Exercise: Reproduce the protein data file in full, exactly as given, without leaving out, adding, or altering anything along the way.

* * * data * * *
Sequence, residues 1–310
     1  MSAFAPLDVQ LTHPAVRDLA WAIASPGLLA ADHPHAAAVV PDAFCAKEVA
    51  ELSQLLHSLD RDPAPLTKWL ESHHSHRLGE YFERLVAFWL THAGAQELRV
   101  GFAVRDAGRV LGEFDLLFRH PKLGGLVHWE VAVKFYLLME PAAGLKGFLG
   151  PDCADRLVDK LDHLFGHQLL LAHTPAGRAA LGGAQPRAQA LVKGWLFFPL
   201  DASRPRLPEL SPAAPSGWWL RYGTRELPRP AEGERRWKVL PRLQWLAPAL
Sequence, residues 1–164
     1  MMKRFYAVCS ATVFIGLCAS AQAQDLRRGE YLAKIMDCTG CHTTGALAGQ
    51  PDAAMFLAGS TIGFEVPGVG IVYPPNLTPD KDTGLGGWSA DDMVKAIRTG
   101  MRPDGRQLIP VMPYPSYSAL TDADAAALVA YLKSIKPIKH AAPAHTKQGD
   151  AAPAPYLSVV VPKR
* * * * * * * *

Sequence, residues 1–310
     1  MSAFAPLDVQ LTHPAVRDLA WAIASPGLLA ADHPHAAAVV PDAFCAKEVA
    51  ELSQLLHSLD RDPAPLTKWL ESHHSHRLGE YFERLVAFWL THAGAQELRV
   101  GFAVRDAGRV LGEFDLLFRH PKLGGLVHWE VAVKFYLLME PAAGLKGFLG
   151  PDCADRLVDK LDHLFGHQLL LAHTPAGRAA LGGAQPRAQA LVKGWLFFPL
   201  DASRPRLPEL SPAAPSGWWL RYGTRELPRP AEGERRWKVL PRLQWLAPAL
Sequence, residues 1–164
     1  MMKRFYAVCS ATVFIGLCAS AQAQDLRRGE YLAKIMDCTG CHTTGALAGQ
    51  PDAAMFLAGS TIGFEVPGVG IVYPPNLTPD KDTGLGGWSA DDMVKAIRTG
   101  MRPDGRQLIP VMPYPSYSAL TDADAAALVA YLKSIKPIKH AAPAHTKQGD
   151  AAPAPYLSVV VPKR